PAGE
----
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How I self publish my podcast

One question that comes up from students (and business friends) periodically is what platform I use to host the Vanilla JS Podcast. Most people are surprised to learn that I self-publish.

Today, I wanted to share all of the tools I use to make that happen. Let’s dig in!

A quick word about equipment audio quality

I just want to make something clear up front: you don’t need fancy, expensive equipment to run a podcast.

The audio doesn’t need to be studio quality. It just needs to be good enough.

Generally, that means you don’t want to use the built-in microphone on your computer. Even those cheap headphones that come with most smart phones now (or used to, anyways) are a step up.

As long as your audio is clear and there isn’t a ton of echo or background news, you’re good enough to get started! Don’t let perfect be the enemy of good!

I’ve upgraded my audio setup over the year or two, but I used cheap “what I have around already” equipment for years.

My microphone

When I first decided to get “a nicer microphone,” I purchase the Blue Yeti. At the time, it was the microphone most podcasters reached for as their first nice mic.

The audio quality is actually really good, and it served me well for many years.

But, with everyone at home during the pandemic, I started noticing a lot more background noise in my recordings. Because of the type of microphone the Yeti is (a condenser microphone), it picks up a wide range of sound. Those sound amazing in a sound studio, but not so much in a home office.

I recently upgraded to a Shure MV7.

I chose it because it’s a dynamic microphone. It picks up a narrower range of sound, and tends to favor loud noises directly in front of it. As a result, it does a much better job cutting out background noise. Dynamic mics are the kind musicians use on stage at concerts.

Shure makes some nicer microphones, but most are what’s called XLR, which means they require a special cable and interface to connect to a computer. The MV7 is their USB model, so I can plug it directly into my computer and start recording.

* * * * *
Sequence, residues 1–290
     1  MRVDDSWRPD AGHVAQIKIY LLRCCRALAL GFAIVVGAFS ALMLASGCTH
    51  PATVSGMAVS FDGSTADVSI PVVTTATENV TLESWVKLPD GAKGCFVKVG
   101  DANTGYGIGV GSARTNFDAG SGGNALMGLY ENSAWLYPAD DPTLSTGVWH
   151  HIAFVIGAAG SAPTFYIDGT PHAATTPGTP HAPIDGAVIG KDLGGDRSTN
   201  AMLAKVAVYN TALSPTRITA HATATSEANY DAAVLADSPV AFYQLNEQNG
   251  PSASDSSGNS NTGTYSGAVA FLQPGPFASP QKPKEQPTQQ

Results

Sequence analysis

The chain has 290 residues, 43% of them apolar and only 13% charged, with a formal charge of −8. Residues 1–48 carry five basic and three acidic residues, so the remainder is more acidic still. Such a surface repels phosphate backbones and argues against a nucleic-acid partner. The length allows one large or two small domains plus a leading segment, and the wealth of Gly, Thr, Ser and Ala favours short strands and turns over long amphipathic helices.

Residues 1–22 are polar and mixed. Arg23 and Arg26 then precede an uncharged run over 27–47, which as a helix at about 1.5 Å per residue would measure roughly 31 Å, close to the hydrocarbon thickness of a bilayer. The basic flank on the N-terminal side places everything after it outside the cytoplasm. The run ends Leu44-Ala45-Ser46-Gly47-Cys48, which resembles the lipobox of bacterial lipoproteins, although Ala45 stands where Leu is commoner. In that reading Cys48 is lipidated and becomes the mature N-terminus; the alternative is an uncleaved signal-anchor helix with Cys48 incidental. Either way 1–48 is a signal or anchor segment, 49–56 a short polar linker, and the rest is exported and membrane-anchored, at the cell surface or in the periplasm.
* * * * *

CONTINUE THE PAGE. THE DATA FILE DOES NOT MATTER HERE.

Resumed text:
It’s been amazing!

I also bought the RØDE PSA1 boom arm, which lets me put the mic right in my face while recording without getting in the way of my hands typing on the keyboard. It also helps prevent vibrations from my typing from getting picked up by the mic.

Recording software

On macOS, you can record audio using the built-in QuickTime software. On Windows, there’s a comparable Windows Voice Recorder app.

Because I also do lots of screen recordings, I already own an app called Screenflow, and just use that. When I was on Windows, I used to use Camtasia.

On the rare occasion when I’m interviewing someone else, I use Zoom’s native audio recording.

By default, it records a single audio track, but it has an option to record each person as a separate audio file. I recommend turning that on if you use it.

Editing files

I deliberately just ramble on my podcasts, record a single take, and skip the editing step. If I don’t like how a podcast turned out, I delete it and try again.

Editing sucks! But you could chop and cut and mute stuff with Screenflow or Camtasia if you wanted to.

Screenflow exports audio files as MP4, but I need MP3. I use ffmpeg for that.

ffmpeg is a command line tool. When I’m ready to convert my MP4 file, I open up my terminal window, go to the directly where the file is, and run the following command.

ffmpeg -i $FILE.mp4 -ac 1 -ab 96k $FILE.mp3

That converts my file from a large MP4 file to a smaller, more compressed single-channel MP3 file (for efficient streaming).

I use an app called Tagr to add artist and title information and the podcast thumbnail to the MP3 file.

Hosting the podcast

I host my MP3 files on DigitalOcean Spaces. This is a nice high-volume storage solution that costs me $5 a month.

The site for the podcast itself is a static website hosted powered by Hugo.

I create a markdown file for the episode, and add some front matter details about the episode (a description, it’s length, the file size, and a URL to the MP3 file on DigitalOcean Spaces). Hugo creates a page for the episode, and embeds it onto the page with an audio element.

Hugo also generates a custom RSS feed for the podcast. I looked up the requirements for podcast feeds and made sure all of the necessary stuff was in there.

I use that feed to send email updates in ConvertKit. I also used Apple, Google, and Spotify’s “podcast host” features to submit my own feed for syndication. Whenever I publish a new episode, the RSS feed updates, they get notified, and the episode shows up.

Why do you do this instead of just using a third party service?

Two reasons for me: cost and control.

Most third-part services get pretty pricey, but save you a ton of time. I frankly don’t do enough with my podcast to justify the cost. The value just isn’t there for me.

But more importantly, self-hosting gives me more control over the layout and user experience. That’s generally why I tend to build my own platforms. I want to present a unified experience across all of my stuff.